La Niña will dominate weather by year's end

Producers across the U.S. are probably quite familiar with the terms El Niño and La Niña, as seemingly every summer, at least a portion of the weather discussion through June and July revolves around these phrases. But what do they mean, and why do they impact summer weather across the U.S?

To start, let’s dive into what these terms are describing. El Niño and La Niña are the extreme phases of the ENSO cycle. The ENSO cycle, or El Niño-Southern Oscillation, is a recurring climate pattern that involves the temperature changes in waters of the central and eastern tropical Pacific Ocean.

The cycle doesn't have a set time frame, but generally lasts three to seven years before changing. When the cycles change, waters near the equatorial Pacific warm or cool by anywhere from 1 to 3 degrees Celsius.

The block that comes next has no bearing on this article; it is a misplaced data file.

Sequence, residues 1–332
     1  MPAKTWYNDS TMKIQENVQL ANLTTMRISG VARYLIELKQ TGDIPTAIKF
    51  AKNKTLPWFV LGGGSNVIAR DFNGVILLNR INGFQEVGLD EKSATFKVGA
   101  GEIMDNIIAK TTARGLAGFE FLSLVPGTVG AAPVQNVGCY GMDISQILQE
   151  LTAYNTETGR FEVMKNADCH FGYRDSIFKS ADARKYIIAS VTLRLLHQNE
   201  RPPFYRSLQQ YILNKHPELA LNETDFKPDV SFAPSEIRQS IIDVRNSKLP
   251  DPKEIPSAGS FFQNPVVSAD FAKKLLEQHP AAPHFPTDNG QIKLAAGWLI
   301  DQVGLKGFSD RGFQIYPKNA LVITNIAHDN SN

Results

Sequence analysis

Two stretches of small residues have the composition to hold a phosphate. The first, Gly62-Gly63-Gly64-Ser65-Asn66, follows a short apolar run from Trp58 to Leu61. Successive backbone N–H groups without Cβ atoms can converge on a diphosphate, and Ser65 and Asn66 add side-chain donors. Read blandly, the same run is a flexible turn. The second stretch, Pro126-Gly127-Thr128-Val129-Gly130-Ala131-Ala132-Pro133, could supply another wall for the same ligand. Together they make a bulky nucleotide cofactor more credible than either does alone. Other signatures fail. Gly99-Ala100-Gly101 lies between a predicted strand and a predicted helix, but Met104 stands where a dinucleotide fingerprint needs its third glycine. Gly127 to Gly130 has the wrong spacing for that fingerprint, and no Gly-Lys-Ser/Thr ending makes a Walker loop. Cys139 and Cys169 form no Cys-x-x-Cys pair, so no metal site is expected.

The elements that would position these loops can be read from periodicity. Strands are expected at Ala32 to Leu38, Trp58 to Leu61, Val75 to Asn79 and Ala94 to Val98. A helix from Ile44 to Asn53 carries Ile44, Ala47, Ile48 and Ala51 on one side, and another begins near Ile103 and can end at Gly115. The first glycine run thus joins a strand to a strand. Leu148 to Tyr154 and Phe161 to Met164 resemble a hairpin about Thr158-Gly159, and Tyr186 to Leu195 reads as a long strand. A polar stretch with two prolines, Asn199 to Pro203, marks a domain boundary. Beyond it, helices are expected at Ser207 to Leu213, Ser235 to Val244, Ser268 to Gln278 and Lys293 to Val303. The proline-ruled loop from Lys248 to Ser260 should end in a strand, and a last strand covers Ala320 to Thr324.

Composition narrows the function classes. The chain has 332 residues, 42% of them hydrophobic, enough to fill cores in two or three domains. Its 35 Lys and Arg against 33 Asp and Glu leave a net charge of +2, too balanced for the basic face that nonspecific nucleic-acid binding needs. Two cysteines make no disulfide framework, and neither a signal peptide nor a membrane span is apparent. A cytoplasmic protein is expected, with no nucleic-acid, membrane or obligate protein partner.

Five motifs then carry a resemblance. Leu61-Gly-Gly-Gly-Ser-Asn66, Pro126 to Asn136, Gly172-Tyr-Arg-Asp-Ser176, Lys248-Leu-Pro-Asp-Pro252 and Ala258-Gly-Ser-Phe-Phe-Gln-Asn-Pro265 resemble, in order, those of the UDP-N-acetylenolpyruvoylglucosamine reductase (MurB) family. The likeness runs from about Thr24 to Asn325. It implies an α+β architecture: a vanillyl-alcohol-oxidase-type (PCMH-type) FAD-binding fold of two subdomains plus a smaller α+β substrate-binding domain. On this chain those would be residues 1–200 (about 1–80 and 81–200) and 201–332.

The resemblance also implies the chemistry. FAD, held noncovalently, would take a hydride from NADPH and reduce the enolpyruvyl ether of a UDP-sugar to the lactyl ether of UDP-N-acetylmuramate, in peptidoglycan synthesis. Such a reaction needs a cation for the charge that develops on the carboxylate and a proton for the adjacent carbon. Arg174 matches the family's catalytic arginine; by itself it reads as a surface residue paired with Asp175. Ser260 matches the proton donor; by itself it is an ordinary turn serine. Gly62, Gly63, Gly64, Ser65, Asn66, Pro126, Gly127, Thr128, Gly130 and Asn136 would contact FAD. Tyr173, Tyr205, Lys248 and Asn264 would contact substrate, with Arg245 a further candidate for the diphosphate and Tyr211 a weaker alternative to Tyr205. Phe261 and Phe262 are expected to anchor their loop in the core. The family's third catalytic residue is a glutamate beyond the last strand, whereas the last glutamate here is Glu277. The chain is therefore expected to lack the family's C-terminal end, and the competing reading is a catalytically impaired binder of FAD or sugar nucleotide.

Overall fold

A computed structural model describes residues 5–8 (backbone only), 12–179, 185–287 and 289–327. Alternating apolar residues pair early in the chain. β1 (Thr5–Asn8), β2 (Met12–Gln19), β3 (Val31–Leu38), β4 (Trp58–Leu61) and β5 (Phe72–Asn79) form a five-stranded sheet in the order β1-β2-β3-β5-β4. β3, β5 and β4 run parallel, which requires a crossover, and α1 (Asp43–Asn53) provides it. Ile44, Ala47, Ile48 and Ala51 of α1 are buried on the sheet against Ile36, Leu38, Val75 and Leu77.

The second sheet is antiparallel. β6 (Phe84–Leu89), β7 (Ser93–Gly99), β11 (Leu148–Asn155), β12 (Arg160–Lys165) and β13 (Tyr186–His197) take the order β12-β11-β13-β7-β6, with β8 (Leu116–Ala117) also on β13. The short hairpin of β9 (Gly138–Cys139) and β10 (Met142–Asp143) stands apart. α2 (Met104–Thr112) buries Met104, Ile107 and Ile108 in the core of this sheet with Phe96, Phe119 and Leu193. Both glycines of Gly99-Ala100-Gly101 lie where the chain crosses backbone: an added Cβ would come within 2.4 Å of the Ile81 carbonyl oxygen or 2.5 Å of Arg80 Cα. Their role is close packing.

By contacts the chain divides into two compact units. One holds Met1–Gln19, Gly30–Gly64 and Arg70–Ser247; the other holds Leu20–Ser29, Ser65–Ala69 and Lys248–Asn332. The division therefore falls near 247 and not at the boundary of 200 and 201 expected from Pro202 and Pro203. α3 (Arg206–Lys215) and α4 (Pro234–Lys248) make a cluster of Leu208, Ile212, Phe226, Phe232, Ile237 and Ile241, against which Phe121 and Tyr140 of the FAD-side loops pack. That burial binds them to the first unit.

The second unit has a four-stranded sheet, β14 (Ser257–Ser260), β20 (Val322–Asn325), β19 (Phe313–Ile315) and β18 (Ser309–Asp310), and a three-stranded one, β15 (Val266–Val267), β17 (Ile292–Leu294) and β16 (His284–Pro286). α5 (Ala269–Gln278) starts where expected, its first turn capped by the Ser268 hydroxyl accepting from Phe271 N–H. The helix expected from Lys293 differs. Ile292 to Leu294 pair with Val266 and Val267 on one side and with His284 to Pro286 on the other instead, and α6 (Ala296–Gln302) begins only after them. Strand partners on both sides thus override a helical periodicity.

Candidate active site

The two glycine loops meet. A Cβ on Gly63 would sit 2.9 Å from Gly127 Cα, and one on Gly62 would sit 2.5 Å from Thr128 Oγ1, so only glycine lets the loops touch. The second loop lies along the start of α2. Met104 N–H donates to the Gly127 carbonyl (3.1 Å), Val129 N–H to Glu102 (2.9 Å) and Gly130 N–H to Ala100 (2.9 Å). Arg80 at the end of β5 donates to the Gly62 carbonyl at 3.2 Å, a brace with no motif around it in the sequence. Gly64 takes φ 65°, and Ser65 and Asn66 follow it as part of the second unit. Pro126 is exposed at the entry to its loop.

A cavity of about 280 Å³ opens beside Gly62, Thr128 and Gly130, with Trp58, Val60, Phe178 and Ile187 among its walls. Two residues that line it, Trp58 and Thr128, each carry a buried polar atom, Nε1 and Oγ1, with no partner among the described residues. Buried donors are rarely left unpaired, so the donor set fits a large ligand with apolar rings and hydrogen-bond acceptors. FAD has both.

The oscillating warming/cooling pattern directly affects rainfall distribution in the tropics, which can lead to a strong influence on summer weather in the U.S.

Most recently, we have been under the influence of the El Niño phase of the ENSO cycle, as water temperatures in and around the equatorial Pacific have been above average.

This has led to summer temps that have been relatively mild and has been mostly favorable for Midwest crop development. But forecasters see this pattern shifting to the other end of the spectrum...